Autonomous Party Wall
Chicago’s Bronzeville neighborhood is a marker of contrast between overcrowded black housing projects and the prevalence of empty plots. The inset border of our project’s site corresponds to a completely open and empty ground level, nodding to the complex and unequal history represented by Bronzeville’s empty lots and returning this form of excess to the people who have suffered from a space left vacant for public engagement. Seeking to acknowledge and negate these discrepant inequalities, we propose an exposed party wall - leaving traces of the absent, awaiting to be completed by a house.
Masonry material language is replaced by the more contemporary construction technology of the American wood-framed house. While we acknowledge the impossibility of restitution for the properties in Bronzeville, we imagine an architecture of reparations. This architecture acts as a typological resurrection: a prolongation of the American row-house, adapted to present-day materiality and reclaimed by an oppressed demographic.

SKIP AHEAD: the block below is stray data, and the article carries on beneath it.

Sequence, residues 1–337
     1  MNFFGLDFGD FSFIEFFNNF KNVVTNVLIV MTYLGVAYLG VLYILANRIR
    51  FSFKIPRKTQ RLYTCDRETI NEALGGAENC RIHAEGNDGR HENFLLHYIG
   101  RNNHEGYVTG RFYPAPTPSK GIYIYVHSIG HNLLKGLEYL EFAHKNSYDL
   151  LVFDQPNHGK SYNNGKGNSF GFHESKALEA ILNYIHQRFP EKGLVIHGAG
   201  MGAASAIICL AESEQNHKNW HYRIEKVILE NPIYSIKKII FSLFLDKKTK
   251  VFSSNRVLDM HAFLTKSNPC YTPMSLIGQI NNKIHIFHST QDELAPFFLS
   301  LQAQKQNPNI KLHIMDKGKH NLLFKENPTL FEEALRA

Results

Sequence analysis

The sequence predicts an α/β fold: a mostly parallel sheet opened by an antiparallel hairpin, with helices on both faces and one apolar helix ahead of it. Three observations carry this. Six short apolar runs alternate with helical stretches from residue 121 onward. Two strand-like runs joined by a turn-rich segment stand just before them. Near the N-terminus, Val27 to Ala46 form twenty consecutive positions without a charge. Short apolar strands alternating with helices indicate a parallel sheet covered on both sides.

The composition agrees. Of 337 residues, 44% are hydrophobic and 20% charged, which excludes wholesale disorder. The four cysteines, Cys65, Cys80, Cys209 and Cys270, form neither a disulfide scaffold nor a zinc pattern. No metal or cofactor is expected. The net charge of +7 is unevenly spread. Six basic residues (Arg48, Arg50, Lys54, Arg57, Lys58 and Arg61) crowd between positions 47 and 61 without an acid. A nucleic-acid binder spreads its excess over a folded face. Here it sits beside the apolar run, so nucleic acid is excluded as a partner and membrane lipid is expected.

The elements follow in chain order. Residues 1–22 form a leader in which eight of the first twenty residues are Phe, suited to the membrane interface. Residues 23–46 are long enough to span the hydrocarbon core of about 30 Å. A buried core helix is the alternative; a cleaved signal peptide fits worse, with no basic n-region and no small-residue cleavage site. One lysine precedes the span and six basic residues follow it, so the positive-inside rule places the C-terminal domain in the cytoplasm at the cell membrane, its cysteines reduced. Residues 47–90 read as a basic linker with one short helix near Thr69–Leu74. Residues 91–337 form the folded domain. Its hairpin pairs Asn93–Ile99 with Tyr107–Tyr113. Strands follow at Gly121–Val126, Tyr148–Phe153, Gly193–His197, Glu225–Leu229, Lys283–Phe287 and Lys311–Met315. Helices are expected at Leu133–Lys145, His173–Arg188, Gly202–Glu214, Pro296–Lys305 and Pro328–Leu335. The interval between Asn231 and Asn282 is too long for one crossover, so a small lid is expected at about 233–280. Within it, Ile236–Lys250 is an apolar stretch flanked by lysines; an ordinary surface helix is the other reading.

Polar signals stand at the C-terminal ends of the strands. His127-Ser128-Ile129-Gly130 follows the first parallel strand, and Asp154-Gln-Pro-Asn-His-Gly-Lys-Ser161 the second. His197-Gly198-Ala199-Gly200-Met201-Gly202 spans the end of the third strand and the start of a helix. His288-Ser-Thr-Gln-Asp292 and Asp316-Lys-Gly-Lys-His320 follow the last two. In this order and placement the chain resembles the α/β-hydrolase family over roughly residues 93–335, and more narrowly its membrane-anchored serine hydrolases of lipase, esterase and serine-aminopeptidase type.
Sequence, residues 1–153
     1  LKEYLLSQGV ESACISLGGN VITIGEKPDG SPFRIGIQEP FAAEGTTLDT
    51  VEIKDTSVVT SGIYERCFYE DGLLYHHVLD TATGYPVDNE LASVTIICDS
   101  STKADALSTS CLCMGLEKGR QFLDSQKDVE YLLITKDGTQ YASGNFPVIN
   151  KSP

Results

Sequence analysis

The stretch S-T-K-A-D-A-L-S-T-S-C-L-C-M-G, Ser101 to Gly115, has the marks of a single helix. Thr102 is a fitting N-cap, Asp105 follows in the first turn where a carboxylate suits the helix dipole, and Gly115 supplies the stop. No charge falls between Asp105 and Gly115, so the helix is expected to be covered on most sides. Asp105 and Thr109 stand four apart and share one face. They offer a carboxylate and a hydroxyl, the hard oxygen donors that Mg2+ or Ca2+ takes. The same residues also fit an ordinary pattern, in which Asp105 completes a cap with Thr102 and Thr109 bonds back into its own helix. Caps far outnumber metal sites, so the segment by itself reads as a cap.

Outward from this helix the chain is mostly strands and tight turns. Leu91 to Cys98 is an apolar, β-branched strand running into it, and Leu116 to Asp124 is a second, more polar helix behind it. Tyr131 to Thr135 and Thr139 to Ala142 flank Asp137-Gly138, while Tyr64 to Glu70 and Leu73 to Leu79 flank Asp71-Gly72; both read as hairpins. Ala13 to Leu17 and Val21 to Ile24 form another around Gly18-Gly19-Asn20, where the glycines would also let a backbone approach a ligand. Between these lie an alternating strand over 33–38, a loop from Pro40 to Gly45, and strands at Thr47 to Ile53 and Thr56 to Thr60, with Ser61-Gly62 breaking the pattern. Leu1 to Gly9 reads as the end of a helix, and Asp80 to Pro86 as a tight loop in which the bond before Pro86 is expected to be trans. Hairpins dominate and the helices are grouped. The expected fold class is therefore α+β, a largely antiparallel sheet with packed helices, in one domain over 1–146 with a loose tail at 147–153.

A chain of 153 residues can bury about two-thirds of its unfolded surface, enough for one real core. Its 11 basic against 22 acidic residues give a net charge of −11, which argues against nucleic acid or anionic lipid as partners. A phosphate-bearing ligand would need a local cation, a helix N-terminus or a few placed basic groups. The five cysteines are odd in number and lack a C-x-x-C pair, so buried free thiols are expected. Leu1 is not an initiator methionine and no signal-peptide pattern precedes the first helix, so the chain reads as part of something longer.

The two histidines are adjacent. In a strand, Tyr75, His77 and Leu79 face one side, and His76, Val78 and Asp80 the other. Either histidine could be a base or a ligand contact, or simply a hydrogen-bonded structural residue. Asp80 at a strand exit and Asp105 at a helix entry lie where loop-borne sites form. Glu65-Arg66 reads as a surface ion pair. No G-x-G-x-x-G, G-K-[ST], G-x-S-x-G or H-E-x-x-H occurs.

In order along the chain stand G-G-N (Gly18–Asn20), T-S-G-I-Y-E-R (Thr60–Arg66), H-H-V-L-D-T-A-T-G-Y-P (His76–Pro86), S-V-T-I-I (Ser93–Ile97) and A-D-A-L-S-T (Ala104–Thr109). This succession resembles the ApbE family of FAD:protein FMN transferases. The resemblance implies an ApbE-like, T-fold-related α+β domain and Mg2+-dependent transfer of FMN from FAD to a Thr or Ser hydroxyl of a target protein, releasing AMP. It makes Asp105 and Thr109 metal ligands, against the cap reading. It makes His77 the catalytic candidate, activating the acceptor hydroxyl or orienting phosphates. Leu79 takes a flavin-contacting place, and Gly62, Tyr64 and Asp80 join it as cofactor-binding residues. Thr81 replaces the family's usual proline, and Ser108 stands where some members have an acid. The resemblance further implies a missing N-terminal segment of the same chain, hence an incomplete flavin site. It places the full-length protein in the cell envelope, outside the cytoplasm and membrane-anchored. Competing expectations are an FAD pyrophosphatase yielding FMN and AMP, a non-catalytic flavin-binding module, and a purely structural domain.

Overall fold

The ripped-apart masonry of existing, exposed Bronzeville party walls indexes the moment after the displacement of inhabitants. In hopes of bringing them back, our proposed party wall is treated as a freestanding autonomous element to which we plug in a single-row house on one side and imagine the future of a second row house on the other. The new party wall is setting the stage for the moment before.
[“House with 2 Party Walls” is our response to the RFP entitled “Up from the Past: Housing as Reparations on Chicago’s South Side” to showcase as a collection curated by Isabel Strauss for the 2021 Chicago Architectural Biennial, “The Available City”.]